Proteins are responsible for nearly every essential process of life. Their form and structure are of crucial importance for their functionality.
Scientists at the Max Planck Institute of Biochemistry (MPIB) have recently discovered a so far unknown sequence of reactions which is necessary for newly generated proteins to acquire their correct structure.
„In the mechanism we found, the folding is accomplished in a number of fast intermediate steps rather than in one single block“, explains Manajit Hayer-Hartl, MPIB research group leader. „Because this mode of action is energetically more favorable, the proteins are folded not only correctly, but also much faster than previously assumed.“
Proteins are the workhorses of the cell and thus responsible for almost all biological functions including metabolism, signal transmission or the determination of the cell’s shape. However, before they can fulfill their various tasks, the chain-like molecules must first adopt an intricate three-dimensional conformation. This process is called protein folding and is one of the most important processes in biology.
In fact, in the event of improper folding, proteins are often no more able to carry out their duties, or even tend to clump together in aggregates. This in turn can lead to severe diseases like Alzheimer’s or Parkinson’s. In order to avoid this, specialized proteins, the so-called chaperones, help other proteins to adopt their proper shape.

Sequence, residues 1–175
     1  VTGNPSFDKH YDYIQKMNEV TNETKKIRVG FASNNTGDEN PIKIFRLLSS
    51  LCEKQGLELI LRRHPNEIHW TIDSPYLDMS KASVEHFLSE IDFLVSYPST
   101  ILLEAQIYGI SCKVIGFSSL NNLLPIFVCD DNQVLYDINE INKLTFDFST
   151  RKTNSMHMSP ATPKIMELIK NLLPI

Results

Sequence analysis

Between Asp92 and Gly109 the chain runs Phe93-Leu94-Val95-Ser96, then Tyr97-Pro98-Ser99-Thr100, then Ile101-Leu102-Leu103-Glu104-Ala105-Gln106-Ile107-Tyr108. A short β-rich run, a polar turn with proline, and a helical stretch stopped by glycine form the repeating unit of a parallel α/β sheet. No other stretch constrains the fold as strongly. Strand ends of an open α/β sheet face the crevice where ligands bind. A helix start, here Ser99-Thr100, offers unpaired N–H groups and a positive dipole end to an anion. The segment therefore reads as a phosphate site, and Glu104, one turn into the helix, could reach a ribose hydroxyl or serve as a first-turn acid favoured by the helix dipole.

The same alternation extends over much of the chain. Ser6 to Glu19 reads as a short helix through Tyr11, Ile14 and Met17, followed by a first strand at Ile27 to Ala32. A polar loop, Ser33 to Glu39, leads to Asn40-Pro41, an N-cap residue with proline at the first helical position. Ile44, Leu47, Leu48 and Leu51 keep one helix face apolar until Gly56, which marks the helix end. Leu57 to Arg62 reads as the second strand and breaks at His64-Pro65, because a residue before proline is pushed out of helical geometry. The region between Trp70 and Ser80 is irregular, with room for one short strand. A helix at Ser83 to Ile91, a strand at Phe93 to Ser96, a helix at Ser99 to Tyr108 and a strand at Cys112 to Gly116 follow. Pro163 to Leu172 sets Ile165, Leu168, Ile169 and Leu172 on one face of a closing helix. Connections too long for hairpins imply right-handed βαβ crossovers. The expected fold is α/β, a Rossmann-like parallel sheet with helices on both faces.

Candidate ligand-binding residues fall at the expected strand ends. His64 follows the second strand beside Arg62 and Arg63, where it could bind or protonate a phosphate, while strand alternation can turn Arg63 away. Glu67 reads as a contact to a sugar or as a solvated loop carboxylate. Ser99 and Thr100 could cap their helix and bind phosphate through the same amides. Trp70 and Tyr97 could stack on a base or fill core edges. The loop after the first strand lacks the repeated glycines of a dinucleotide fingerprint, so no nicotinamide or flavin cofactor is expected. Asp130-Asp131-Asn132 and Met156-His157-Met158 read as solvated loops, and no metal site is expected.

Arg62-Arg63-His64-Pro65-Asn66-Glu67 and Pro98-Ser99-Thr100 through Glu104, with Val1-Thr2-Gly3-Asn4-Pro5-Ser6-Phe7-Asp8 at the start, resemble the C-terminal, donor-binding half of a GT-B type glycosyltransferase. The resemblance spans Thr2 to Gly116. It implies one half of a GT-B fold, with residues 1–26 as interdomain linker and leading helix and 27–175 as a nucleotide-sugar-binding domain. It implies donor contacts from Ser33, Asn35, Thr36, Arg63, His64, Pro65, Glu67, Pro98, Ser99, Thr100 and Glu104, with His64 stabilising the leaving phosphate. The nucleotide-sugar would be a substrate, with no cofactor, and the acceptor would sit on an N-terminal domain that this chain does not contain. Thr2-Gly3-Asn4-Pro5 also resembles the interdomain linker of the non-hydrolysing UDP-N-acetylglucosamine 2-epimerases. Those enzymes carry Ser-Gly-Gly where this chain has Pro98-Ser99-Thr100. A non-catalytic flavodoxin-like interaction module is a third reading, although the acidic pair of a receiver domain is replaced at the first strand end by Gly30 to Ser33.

The bacterial chaperones GroEL and GroES serve as an example for this principle: together, they build up a cage-like structure in which they encapsulate new, not yet folded proteins, thereby al-lowing them to fold properly. However, the exact way in which this is accomplished has so far been unclear and is a research topic of the MPIB team led by Manajit Hayer-Hartl and F. Ulrich Hartl, in collaboration with John Engen from Northeastern University in Boston.
Active acceleration of folding
„Our results demonstrate that the chaperones not only prevent protein clumping, but also dramatically accelerate the folding process”, explains Florian Georgescauld, scientist at the MPIB. „Surprisingly, the chaperones achieve this by changing the mechanism of folding: Instead of folding in one large single block, the protein gets its final structure in a series of small, rapid steps – like an elaborate high-speed Origami.” The researchers think that splitting up the reaction might render it energetically more favorable, which in turn would lead to increased speed. Hence, the folding process is finished in a few seconds rather than in several minutes.
The study shows for the first time that chaperones can act not only passively, by preventing aggregation, but as an active folding cage that catalyzes the folding process. This results in a high-speed folding mechanism which is of particular biological relevance, so the researchers say, since in this way proteins can be folded faster than they are produced. Thus, a backlog of proteins which are not yet or improperly folded and the disastrous consequences which might go along with this can be avoided.